Terry Beatty is an accomplished comic book artist and illustrator whose career stretches back to the early 1980s. Heâ€™s the co-creator â€” with Max Allan Collins â€” of the long-running private eye comic book series, Ms. Tree. Collaborations with Collins also include Mike Mist, Mickey Spillaneâ€™s Mike Danger, Johnny Dynamite, and Wild Dog. Collins and Beattyâ€™s latest work is Return to Perdition, a graphic novel sequel to Road to Perdition, that will be released November 15th.
Beatty will also be a featured guest at the KC Fan Con this Sunday, November 6th in Overland Park.
For over a decade, Beatty was the primary inker of DC Comicsâ€™ animated-style Batman comics, including a four-year stint inking Chris Jonesâ€™ pencils on The Batman Strikes. Beattyâ€™s cover paintings appear regularly on Scary Monsters magazine.
Beatty moved to the Kansas City area in 2011. He is currently accepting art commissions. For more information, contact him by email at firstname.lastname@example.org.
Kansas City Comics: If I recall correctly, you started out in comics fandom. I remember your early work on the covers of zines like Comics Buyerâ€™s Guide back when it still was The Buyerâ€™s Guide for Comic Fandom. How did you get involved with TBG and what led you into creating comics for a living?
Terry Beatty: Alan Light, publisher of TBG, lived about a half hour’s drive from me, and I’d been a subscriber to TBG since the mid 1970’s. I saw a lot of artists getting their work published on the TBG covers and thought it would be a good place to make a splash â€” seeing as how all the “serious” comics fans were subscribers as well.
My first attempt at a cover, back when I was still in high school, was rejected. Not wanting to get typed as a “fan artist,” I then waited until I was being published elsewhere before submitting anything to Alan again. We’d gotten to be friendly through Max Collins, who had known him for a while â€” and suddenly I was the semi-regular cover artist for the zine, which had gone weekly, leaving Alan with not enough cover art to keep up with the new schedule. I did dozens of covers and contributed columns and comics as well. I believe I’m the only TBG cover artist to get paid. If I recall correctly, I got a whopping $35.00 per cover!
The first professional thing I did in comics was with Max. We were both from the same small Iowa town, and my father had been Max’s Junior High English teacher. Max wrote his first attempts at crime novels in my father’s class. Despite our ten year age difference â€” I’m the younger one â€” we became friends and started trying to make some comics projects happen. Max had already been writing the Dick Tracy newspaper strip for the Tribune Syndicate when we attempted to sell ourselves to them as the team for a few strip revivals. We got pretty far with a new version of Little Orphan Annie — until Leonard Starr turned in his samples! We also pitched a second generation version of Harold Teen â€” “Carol Teen” â€” featuring the “new wave” and punk rock kids of the original strip’s characters. That didn’t go over, obviously.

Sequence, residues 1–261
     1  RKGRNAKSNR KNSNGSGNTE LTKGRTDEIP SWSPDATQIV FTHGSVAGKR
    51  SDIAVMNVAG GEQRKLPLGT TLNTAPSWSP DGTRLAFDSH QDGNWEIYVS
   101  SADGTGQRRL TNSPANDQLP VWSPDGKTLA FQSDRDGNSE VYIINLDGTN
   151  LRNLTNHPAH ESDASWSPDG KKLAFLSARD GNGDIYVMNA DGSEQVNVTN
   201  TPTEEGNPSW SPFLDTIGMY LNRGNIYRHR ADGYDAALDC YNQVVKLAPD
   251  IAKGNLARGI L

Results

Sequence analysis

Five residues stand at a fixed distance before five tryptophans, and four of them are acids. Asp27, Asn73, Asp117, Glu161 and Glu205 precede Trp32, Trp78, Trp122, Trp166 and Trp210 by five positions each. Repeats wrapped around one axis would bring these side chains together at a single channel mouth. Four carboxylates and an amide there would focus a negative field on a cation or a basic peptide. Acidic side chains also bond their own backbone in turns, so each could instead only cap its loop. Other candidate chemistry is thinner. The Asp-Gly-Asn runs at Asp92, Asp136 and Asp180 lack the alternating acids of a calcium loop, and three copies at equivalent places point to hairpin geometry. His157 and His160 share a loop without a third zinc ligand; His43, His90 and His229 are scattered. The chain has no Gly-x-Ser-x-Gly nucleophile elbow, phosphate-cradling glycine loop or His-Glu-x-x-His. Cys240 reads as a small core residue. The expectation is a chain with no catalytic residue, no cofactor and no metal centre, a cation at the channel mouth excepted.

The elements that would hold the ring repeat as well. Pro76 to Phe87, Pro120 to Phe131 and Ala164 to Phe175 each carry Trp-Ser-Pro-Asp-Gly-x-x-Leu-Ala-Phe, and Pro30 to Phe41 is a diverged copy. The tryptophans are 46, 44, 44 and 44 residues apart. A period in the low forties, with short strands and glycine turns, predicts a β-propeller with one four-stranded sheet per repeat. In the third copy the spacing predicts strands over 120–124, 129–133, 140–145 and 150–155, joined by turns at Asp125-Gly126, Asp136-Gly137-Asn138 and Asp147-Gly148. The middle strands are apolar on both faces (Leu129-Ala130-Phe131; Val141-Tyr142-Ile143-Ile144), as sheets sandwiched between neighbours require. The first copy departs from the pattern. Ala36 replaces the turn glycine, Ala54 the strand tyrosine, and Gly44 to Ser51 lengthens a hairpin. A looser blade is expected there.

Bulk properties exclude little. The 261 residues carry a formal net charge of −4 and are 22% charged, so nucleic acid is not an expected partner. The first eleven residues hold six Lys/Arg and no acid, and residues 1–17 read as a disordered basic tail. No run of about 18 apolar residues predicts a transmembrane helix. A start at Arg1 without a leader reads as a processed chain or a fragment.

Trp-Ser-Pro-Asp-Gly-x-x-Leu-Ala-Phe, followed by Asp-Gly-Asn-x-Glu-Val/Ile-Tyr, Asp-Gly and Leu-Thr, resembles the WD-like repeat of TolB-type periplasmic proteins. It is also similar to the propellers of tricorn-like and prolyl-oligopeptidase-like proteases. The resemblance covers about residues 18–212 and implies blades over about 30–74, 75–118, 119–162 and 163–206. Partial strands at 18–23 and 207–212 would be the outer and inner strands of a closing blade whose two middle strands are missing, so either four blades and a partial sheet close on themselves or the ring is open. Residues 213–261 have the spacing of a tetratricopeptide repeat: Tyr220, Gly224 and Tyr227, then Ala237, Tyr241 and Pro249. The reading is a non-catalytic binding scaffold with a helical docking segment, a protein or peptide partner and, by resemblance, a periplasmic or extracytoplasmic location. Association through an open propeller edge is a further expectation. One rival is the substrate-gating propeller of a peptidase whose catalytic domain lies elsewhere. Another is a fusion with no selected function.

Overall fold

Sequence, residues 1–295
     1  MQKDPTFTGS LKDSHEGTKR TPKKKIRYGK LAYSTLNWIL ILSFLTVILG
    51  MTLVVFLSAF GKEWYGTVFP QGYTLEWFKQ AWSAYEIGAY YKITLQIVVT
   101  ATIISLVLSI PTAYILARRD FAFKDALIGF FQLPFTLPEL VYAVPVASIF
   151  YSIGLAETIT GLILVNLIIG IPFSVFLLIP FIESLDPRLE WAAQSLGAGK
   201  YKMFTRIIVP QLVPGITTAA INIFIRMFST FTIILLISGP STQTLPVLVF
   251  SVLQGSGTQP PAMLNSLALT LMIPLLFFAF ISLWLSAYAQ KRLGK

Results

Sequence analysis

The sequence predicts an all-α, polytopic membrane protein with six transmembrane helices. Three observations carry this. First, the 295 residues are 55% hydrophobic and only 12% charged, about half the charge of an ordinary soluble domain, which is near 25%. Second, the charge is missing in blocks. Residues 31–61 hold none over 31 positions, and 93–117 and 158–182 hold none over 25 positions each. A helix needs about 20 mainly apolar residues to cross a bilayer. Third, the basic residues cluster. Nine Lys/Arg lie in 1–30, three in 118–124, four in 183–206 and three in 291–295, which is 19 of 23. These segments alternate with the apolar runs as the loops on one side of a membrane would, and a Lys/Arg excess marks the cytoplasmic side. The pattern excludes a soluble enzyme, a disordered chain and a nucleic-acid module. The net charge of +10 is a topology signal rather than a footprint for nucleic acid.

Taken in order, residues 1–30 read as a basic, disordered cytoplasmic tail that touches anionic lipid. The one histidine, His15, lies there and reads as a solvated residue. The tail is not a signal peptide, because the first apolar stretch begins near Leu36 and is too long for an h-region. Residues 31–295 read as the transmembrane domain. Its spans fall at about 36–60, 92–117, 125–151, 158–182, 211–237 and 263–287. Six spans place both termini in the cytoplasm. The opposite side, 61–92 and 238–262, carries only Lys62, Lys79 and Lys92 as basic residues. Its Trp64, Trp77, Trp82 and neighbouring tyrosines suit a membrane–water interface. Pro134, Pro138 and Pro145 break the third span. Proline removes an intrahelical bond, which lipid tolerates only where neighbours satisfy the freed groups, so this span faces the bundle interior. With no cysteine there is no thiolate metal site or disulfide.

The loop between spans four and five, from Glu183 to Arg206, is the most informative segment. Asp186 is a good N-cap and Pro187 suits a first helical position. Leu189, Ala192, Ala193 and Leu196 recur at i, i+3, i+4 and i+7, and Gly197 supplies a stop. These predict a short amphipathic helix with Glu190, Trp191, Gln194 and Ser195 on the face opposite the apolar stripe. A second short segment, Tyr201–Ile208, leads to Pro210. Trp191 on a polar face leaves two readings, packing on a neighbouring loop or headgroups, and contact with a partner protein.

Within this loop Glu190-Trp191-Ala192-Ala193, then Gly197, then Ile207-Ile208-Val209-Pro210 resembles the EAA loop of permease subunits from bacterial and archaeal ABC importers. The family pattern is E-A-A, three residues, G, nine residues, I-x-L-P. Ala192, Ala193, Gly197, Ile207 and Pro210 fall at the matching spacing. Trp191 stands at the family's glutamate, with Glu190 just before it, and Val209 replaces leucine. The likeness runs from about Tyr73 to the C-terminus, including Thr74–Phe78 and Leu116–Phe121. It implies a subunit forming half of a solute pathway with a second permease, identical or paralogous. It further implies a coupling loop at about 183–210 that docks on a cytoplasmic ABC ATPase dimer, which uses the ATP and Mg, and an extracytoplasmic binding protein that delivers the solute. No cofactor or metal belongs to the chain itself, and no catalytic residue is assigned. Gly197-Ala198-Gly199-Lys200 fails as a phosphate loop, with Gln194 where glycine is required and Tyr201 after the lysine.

So we then tried a self-syndication project â€” a weekly page of comics for small town weeklies and shoppers called The Comics Page. Original title, huh? There were six different features on the page, all drawn by me in different styles. One of those was “The Mike Mist Minute Mist-eries.” We needed a dozen clients to make a go of it — and never got past eight. But one of those clients was The Chicago Reader, which only ran the Mike Mist feature. I think they picked that up because it was written by the Dick Tracy guy — Chicago, y’know. We kept the thing going for a year and then had to shut it down, as it wasn’t profitable.
But Dean Mullaney had seen Mike Mist in the Reader while in Chicago for a convention, and asked Max and me if we had enough strips to make a book. Well, we had fifty-two. I whipped up a color cover and Dean’s Eclipse Comics published a black and white comic book collection. It was a back-end deal — royalties based on sales. Never saw a dime or a sales statement on the thing, but I had a comic published.
And when Dean planned to start Eclipse Magazine, he called Max, asking if we would do a private eye feature for the mag — and Max made up Ms. Tree while on the phone with Dean. That led to a black and white serial in the magazine, then a color comic book series. We eventually took the feature to AV/Renegade — and ultimately ended up at DC. Eleven years worth of successful crime comics, thanks to doing a year’s worth of a feature that pretty much failed.
Kansas City Comics: You made the transition from drawing Ms. Tree and other independent projects to working at DC, where you eventually did more inking â€“ especially on titles based on the various Batman animated series. How did that type of work come your way? What was appealing about working on the Batman books?
Terry Beatty: My first inking gig was over Joe Staton’s pencils on The P.I.’s for First Comics. Looking back at that, I feel like I was in a little over my head, but it was a great learning experience. And after Ms. Tree and Wild Dog had run their course at DC, I had the good fortune of Joe asking for me as inker on the Guy Gardner series. That was a 13- issue run, and suddenly I had a second career in comics as an inker. I went on to ink various titles at Tekno-Comics — notably Mickey Spillane’s Mike Danger — working with Max again. I also spent a year or so inking Elfquest titles for Warp Graphics. I did some ghost inking on a set of Star Wars big little books, and was then looking for work.